More industry speakers have dropped out of next month’s RSA Conference in San Francisco in protest against the company’s alleged $10 million deal with the NSA.
Following the likes of F-Secure chief research officer Mikko Hypponen and Jeffrey Carr, security commentator, Christopher Soghoian announced on Twitter that he had withdrawn from a panel session he was due to be speaking on.
According to the Washington Post, a further five speakers have pulled their talks, including Google’s Chris Palmer and Adam Langley, and Josh Thomas of Atredis Partners.
The “boycott” was in response to news that RSA was paid $10 million by the NSA to implement backdoors in its products. The news claimed that two people familiar with RSA’s BSafe software said that RSA had received the money in exchange for making the NSA’s cryptographic formula as the default for encrypted key generation in BSafe.
In an open letter, Hypponen said: “While I am glad to see that many other speakers have decided to cancel their appearances at RSA 2014 in protest, I don’t want to portray myself as a leader of a boycott. I did what I felt I had to do. Others are making their own decisions.”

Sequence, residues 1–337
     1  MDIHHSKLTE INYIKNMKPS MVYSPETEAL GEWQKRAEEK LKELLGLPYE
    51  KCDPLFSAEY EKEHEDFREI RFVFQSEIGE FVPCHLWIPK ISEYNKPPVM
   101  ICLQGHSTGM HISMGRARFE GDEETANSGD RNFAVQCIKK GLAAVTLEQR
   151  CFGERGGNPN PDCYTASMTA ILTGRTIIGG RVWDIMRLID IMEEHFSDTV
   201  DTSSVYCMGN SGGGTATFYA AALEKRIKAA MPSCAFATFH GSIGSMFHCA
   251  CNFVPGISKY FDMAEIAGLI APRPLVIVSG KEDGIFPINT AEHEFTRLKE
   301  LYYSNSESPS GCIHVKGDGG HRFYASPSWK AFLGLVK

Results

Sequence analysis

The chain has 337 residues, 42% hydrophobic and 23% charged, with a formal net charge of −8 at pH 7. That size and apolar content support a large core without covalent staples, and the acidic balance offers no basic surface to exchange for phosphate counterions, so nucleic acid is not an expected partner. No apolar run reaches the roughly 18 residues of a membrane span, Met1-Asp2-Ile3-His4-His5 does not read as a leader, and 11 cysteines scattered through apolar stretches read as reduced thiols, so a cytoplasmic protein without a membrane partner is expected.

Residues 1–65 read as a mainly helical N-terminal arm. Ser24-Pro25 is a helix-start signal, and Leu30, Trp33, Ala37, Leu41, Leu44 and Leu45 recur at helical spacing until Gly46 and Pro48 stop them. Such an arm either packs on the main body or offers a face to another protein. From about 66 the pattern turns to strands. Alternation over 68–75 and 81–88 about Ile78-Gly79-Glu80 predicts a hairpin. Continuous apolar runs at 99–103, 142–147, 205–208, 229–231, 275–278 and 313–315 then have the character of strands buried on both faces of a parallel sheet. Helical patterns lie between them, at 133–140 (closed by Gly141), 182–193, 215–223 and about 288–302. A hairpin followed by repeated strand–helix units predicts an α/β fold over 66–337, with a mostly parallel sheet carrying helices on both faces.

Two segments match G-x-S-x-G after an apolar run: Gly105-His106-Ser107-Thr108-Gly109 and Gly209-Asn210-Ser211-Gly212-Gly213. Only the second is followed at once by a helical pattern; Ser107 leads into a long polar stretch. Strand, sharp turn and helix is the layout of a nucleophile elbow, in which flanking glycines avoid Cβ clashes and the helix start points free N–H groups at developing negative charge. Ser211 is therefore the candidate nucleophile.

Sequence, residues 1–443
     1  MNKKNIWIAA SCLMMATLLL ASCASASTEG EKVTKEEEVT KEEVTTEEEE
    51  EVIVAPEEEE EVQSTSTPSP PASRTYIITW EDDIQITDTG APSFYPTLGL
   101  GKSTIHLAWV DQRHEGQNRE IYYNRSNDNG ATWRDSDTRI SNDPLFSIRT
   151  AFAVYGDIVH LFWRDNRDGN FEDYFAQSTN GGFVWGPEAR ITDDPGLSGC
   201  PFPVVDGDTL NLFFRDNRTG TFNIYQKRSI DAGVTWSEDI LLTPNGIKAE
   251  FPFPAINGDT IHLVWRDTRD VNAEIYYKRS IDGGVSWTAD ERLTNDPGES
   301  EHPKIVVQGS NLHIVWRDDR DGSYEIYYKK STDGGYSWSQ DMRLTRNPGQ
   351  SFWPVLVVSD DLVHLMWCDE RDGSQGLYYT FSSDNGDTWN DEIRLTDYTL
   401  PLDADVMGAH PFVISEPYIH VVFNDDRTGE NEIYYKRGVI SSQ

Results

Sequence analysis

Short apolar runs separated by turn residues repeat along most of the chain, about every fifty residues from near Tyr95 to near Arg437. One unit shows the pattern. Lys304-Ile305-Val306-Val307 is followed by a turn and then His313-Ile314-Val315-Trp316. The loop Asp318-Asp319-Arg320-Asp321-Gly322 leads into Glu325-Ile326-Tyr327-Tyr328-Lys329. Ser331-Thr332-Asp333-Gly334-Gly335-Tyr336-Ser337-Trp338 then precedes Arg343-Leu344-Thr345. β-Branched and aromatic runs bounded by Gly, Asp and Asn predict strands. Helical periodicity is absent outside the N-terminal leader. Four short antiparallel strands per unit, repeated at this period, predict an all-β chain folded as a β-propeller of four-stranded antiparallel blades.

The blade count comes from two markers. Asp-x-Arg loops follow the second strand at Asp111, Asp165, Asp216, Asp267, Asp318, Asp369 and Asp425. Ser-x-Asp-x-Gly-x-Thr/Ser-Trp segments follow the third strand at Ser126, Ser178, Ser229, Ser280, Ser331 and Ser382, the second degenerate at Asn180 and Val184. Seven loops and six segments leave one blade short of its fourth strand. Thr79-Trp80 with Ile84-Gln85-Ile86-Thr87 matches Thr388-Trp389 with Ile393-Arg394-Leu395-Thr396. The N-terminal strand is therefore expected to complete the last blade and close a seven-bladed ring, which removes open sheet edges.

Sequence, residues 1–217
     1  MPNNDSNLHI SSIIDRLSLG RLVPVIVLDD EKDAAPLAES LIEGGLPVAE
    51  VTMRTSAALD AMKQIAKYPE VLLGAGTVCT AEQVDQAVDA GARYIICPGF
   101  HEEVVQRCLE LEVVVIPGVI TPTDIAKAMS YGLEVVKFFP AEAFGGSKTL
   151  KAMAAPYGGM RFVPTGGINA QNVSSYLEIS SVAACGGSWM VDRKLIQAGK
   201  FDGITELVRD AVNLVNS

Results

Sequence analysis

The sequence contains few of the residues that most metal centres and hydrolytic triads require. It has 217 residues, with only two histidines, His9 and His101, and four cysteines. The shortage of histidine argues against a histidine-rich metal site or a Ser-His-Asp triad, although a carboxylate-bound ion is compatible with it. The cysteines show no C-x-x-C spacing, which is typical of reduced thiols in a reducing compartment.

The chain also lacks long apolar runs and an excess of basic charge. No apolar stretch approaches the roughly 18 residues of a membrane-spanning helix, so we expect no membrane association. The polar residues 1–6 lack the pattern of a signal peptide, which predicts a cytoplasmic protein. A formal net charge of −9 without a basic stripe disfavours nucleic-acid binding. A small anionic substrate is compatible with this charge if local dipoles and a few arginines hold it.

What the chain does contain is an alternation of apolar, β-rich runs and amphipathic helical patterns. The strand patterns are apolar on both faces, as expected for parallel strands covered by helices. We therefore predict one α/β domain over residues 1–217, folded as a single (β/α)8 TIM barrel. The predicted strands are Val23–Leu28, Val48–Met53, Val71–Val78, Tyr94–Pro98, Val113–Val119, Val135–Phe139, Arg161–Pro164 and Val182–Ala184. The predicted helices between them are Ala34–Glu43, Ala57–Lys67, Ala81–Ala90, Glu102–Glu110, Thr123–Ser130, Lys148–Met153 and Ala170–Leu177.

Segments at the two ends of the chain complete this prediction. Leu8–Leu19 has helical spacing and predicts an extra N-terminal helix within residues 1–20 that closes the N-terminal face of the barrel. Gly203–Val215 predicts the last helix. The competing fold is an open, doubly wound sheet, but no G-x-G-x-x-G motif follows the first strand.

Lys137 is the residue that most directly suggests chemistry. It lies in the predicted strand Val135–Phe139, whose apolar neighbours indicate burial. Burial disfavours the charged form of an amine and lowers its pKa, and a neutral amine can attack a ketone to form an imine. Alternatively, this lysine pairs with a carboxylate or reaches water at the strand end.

In response, security analyst Richard Stiennon wrote a blog calling the decisions to boycott the show “a case of misplaced anger”. Detailing the division between RSA ‘the company’ and RSA ‘the conference’, he said: “The IT security industry is going to counter surveillance with new products, new protocols and new organisations dedicated to privacy and confidentiality of communications.
“Those of us in the United States can be vocal. We can make our voices heard. Customers of US tech companies must demand that they fully account for the security of their products. The vendors must invest in independent testing and validation of their products. They must attest to their opposition to government interference in their product designs. They must lobby Congress to curtail the surveillance state.”
He encouraged RSA Conference presenters to do whatever they can to educate their audiences on the implications of a surveillance state, and requested RSA Conference to invite “some of the most vocal critics of the NSA to present”.